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Using fluorescence imaging to compare cancer treatment in a control group of mice with a treated group after seven days. (Source: UVP, LLC)

Fluorescence can be used to report the location of biomolecules or tissue of interest in vivo with a high contrast-to-background ratio. By taking a series of fluorescent images at different time points, the development of diseases can be tracked in living organisms. Because of their endogenous expression, fluorescent proteins (FPs) allow observation with minimal disturbance to the subject.1 Cancer cells can be engineered to carry FPs stably and implanted into the subject to allow monitoring of metastasis and the effectiveness of treatment.

Through the use of fully automated large format optics, the UVP iBox Small Animal Imaging System can image a fluorescent tumor in vivo. The high-resolution camera and fast lens provides maximum imaging flexibility. The typical exposures are less than 50 ms, minimizing the effect of animal movement. The optics permits reproducible and rapid imaging with software presets and macros. Directed lighting with the use of filters allows imaging up to the near IR range for detection of fluorescent tumors labeled with green, cyan, and red fluorescent proteins. The illustration discusses the use of red fluorescent protein in cancer metastasis and treatment.

Evaluating Cancer Treatment
A time-controlled sequence of fluorescent images was taken on two groups of mice. Both groups received an injection of RFP-U87 brain cancer cells.2 Comparing the untreated control (A) to the treated group (B) at day 7 indicates that the tumor was targeted by Salmonella A1-R, which was administered intravenously via weekly injections. This resulted in a significant reduction in the tumor growth in the treatment group. The use of single color imaging of tumors is critical to time course studies and illustrates the importance of fluorescent protein imaging in cancer research.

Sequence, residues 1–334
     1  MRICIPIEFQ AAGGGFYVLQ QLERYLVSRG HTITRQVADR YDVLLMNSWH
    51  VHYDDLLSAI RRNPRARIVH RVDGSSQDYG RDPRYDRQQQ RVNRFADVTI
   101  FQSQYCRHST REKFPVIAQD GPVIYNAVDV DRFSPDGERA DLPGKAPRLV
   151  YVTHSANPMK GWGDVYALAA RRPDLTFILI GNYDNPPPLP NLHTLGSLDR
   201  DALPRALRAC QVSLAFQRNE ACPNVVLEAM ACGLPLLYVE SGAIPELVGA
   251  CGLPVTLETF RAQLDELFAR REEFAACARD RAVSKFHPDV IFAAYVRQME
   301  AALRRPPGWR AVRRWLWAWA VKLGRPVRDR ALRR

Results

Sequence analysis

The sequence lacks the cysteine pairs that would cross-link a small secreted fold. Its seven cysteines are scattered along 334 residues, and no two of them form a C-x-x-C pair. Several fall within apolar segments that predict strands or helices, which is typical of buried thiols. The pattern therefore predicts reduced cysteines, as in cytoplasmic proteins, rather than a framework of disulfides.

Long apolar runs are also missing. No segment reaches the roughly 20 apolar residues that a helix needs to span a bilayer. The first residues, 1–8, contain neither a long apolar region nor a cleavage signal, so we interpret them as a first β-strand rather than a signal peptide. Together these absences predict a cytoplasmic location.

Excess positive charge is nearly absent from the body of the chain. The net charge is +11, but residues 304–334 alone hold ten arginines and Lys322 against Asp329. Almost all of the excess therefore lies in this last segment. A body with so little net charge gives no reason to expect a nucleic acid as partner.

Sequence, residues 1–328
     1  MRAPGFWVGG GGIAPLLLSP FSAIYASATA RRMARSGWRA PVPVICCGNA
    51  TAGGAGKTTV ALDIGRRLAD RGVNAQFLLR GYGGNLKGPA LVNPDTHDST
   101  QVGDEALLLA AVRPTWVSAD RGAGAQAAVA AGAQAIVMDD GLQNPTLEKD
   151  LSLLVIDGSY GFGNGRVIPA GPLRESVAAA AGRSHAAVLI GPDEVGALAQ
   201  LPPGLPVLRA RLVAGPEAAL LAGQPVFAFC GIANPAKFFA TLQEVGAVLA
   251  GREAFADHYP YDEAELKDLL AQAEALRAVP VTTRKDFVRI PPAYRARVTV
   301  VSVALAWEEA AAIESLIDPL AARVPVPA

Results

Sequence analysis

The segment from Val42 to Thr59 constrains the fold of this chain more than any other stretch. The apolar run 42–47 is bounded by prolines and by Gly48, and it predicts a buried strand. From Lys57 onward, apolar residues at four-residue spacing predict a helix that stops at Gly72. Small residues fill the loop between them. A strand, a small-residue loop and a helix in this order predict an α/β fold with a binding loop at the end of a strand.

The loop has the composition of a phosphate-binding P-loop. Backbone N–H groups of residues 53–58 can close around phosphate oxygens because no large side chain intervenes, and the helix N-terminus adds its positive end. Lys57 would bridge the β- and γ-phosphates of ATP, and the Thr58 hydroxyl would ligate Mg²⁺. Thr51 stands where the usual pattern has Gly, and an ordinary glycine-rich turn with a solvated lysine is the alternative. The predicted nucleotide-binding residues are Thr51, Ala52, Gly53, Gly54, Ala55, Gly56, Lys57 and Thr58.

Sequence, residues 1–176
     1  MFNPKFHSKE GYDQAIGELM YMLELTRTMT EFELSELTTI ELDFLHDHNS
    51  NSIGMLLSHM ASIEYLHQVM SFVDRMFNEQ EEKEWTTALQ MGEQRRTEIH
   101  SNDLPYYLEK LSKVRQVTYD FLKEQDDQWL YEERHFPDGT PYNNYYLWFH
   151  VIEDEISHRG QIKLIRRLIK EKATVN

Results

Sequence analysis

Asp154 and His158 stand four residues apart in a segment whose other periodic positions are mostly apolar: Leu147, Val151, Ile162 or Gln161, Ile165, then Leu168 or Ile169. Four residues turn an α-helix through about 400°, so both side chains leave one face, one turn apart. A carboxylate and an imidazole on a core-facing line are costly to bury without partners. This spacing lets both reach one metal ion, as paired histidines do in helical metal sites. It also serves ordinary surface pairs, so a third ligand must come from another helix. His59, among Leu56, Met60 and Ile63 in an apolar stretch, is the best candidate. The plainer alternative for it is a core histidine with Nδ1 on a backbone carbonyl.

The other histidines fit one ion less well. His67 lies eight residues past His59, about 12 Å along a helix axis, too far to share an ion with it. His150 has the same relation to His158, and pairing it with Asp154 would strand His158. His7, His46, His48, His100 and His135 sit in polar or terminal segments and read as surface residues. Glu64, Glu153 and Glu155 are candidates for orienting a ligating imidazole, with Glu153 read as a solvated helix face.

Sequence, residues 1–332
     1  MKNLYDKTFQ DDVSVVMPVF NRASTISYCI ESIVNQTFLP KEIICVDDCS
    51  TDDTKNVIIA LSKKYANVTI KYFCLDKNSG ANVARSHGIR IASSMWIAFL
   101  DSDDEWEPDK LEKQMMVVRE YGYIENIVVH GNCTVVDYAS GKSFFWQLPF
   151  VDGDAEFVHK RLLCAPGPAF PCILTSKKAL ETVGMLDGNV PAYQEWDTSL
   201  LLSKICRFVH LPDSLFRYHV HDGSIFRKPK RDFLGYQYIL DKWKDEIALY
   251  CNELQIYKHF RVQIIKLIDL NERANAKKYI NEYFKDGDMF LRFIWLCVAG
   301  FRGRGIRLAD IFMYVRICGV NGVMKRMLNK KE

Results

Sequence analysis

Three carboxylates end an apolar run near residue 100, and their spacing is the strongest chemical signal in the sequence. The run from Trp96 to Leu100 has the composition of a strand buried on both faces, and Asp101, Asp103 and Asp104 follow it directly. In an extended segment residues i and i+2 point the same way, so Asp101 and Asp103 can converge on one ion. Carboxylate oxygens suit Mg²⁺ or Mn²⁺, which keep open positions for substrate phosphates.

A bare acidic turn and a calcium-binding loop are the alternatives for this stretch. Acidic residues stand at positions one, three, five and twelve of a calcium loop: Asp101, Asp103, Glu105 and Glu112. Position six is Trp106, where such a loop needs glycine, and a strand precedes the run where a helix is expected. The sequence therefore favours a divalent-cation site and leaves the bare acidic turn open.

The intensity and area of interest of the fluorescence signal can be used to quantify the progression of the disease, which is visualized by the fluorescent reporter. The 3D volume of the disease can be estimated from the area measured in two dimensional images. In a widespread cancer metastases study, the area measured was found to have an easily-formulated relationship with the volume of the tumor.3 UVP’s VisionWorks Software incorporates the formula and reports the volume in a graphical and tabular format.

Using fluorescent proteins to track small animal tumor growth in vivo provides the necessary indicators to visualize and detect effectiveness of cancer treatment.

References
1. Hoffman RM and Yang M. Whole-body imaging with fluorescent proteins. Nat Protoc. 2006;1(3):1429.
2. Kimura H, et al. Target therapy of spinal cord glioma with a genetically modified Salmonella typhimurium. Cell Prolif. 2010;43(1):41-8.
3. Katz MH, et al. A novel red fluorescent protein orthotopic pancreatic cancer model for the preclinical evaluation of chemotherapeutics. J Surg Res. 2003; 113(1):151-60.


This article was published in Drug Discovery & Development magazine: Vol. 13, No. 2, March 2010, p. 20.

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